But, the good thing is the booze made me sleep, which nothing else has been able to do. I slept from about 8 PM until 1:45 PM today. This was good. I've been sleep deprived for too long.

I called Ylva to find out when Christoffer would return. She told me I had to leave in ten minutes to go get him from the airport—an hour away. Good thing I woke up!

Meeting Christoffer at the airport was like going to a little family reunion. Helene (the female singer on my last record) and Magnus (from Junk Musik and the band Metro Jets) were also there—they'd played in the band as well! Christoffer is a genius when it comes to nepotism. Per Gessle used to have this other band of guys that backed him up. But, slowly this band has been replaced by only Christoffer's best friends. Fortunately they're all stellar—the best. But, it's funny. And I like it.

It makes sense. When I need something done, I don't look in the phone book (remember those?) or call a "professional" first. I call someone I know who does that particular thing—no matter what their skill level. I mean, of course, I try to go for the one who is really good. But the point is I offer all jobs to people I know and like before people I don't know. I guess the real question is, does anybody do it any other way besides this?

Christoffer suggested we eat at the guest giving place, so we did. This time I was smart and ordered from the normal non–herring–buffet menu. It was great, as usual. But, there was something, well, fishy about it. The bill was disturbingly not exorbitant. Both of our meals combined was a paltry $35—and that's with drinks. It was so surprisingly not outrageously expensive that I felt a little worried. Is Sweden broken? Hello? Anyone? What happened? Why don't I feel stabbing pain in my wallet when I view this bill? Why doesn't this cost as much as a car or a year's wages for an American? I'm confused.

We returned to the studio where we started recording my vocal tracks. We began with There You Are. The backing tracks sound brilliant—luscious layers of guitars that sound like sleeping with shimmery instruments on top. But, for some reason singing with them didn't work. It all sounded so uninspired and wrong.

Christoffer asked me to come into the control room and play the song again on my acoustic and sing at the same time. He said, "I think the background tracks are great on their own. But, I don't think they're right for you to sing with. It happens quite a lot. But, we'll have to redo them."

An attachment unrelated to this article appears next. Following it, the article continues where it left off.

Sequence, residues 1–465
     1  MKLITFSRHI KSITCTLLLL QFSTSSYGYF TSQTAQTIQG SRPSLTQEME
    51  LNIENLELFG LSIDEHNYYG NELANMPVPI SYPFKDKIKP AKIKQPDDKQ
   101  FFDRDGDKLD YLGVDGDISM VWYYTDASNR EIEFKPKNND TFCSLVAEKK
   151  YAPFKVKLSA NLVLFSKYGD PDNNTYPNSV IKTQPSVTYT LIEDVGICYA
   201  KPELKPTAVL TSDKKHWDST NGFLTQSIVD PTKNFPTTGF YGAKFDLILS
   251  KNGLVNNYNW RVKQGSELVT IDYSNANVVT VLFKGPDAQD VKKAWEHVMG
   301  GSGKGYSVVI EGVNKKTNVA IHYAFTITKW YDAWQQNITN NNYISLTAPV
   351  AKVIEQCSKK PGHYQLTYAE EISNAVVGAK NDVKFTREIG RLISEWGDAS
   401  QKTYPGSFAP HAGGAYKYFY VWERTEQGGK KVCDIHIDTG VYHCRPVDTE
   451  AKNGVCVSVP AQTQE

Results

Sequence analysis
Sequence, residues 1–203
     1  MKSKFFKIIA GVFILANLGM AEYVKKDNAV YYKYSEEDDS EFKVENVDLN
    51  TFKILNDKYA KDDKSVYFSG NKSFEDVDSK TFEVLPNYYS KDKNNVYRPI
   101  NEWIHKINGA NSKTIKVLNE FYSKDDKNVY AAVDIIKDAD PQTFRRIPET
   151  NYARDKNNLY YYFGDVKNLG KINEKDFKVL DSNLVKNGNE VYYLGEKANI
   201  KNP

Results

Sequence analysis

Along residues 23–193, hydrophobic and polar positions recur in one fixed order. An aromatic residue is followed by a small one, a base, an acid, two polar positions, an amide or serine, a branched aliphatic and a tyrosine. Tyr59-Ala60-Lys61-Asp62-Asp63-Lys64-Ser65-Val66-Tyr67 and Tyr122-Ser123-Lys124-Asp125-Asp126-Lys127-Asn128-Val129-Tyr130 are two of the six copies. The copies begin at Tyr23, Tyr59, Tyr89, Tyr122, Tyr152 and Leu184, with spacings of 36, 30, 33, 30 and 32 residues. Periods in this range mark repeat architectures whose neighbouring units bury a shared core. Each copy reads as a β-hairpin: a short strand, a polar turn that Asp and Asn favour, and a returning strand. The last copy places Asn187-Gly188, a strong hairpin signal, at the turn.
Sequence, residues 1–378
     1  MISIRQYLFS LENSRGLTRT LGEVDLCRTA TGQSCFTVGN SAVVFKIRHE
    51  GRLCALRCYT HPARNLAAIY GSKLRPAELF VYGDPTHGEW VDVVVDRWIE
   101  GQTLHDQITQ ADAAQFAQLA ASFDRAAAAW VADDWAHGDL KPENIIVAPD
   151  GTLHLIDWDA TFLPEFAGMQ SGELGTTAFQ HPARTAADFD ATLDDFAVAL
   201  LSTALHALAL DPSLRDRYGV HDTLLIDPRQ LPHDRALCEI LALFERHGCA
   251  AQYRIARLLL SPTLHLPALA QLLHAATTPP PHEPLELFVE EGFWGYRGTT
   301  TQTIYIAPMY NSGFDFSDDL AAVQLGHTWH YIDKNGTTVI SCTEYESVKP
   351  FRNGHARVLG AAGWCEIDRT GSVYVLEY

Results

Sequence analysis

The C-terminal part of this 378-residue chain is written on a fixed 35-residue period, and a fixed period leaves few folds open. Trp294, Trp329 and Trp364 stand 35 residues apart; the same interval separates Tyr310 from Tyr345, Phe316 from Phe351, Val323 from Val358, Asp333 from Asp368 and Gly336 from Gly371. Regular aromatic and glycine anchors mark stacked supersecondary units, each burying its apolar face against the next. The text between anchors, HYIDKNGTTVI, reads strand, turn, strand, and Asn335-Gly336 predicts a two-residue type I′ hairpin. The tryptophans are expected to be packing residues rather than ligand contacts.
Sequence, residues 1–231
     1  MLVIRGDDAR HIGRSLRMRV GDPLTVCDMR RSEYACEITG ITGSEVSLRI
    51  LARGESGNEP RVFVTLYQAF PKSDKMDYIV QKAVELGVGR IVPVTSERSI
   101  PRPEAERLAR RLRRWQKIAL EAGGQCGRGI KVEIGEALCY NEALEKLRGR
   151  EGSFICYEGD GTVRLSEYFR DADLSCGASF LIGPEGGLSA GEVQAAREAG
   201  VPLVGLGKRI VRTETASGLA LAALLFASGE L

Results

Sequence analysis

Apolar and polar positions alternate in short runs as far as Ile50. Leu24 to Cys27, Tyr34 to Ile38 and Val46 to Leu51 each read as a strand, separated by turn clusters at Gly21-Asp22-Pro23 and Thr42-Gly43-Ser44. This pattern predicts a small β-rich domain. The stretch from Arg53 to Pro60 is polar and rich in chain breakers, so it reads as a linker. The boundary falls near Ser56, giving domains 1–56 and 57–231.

Redoing a song—that's the worst. We put all this time into making the tracks brilliant and now we need to redo them. He suggested we play without a click track so the feel would match the feel I have when I play the song live. My tempos are all over the place—I speed up and slow down and do whatever the hell feels right on that day. I guess, when I think about it, maybe it makes sense that I shouldn't play with a click? Anyways.

The toy piano we used on So Alone.

Still in vocal mode, we moved on to So Alone. Everything about it felt perfect. I was jumping up and down in the studio I was so happy. After seven takes he told me we were done. I'm not the best singer—and certainly not accurate. So, seven takes is sort of way too few for me to nail a track—way, way, way too few.

He insisted, "No, these are great. We're done. You did great."

Even now it's sometimes weird to think of myself as a singer. What a weird thing to do with one's time—sing a bunch. I don't really even like singing all that much. It just seems like a part of playing songs that you can't do without. I tried to find another singer to sing my songs. Nobody seemed to want to. So, I decided that I better just do it myself. I guess that's how I became a singer. Weird.

Christoffer was tired from all his flying and playing and working and so on. So, we retired an hour early—which gave me my first break to write since I arrived on Monday. Now it's time to go to bed and dream of a world where nobody vomits and herring flows like water in every home.

There You Are
Words and music by Justin Winokur. ©2003 Justin Winokur Music.

The night can be so unsure
a time of fear—a time of wonder.
Will life go on?
Will the morning come?
Will you be there when I awake?
When I awake will you be there?
I wonder will I see you, shining?
Every day would be so wrong
If I awoke and you were gone.

So every morning's leap of faith
I make with childlike anticipation
but I open up my eyes and there you are!
There you are!
All my sweetest dreams come true
because there you are.

I fall asleep in your milky arms.
Your breath is a dewey breeze on my skin.
But, yet my faith is tested by sleep—
will you be there when I awake?

Will you be there when I awake?
When I awake will you be there?
I wonder will I see you, shining?
Every day would be so wrong
If I awoke and you were gone.

So every morning's leap of faith
I make with childlike anticipation
but I open my eyes and there you are!
There you are!
All my sweetest dreams come true
because there you are.

So Alone
Words and music by Justin Winokur. ©2001 Justin Winokur Music.

Sometimes this love is too much for me
and I don't wanna be in it—
no part of it.
Alone is where I wanna be—
an old home locked away inside of me,
inside of me.

So alone—I wanna be so alone.
So alone—I wanna be so alone.

I don't have imagination.
I just wanna tell it like it is:
That this world, and this love, and the sweetness of life—
it's too much.
I run away inside of me.
So alone—I wanna be so alone.
So alone—I wanna be so alone.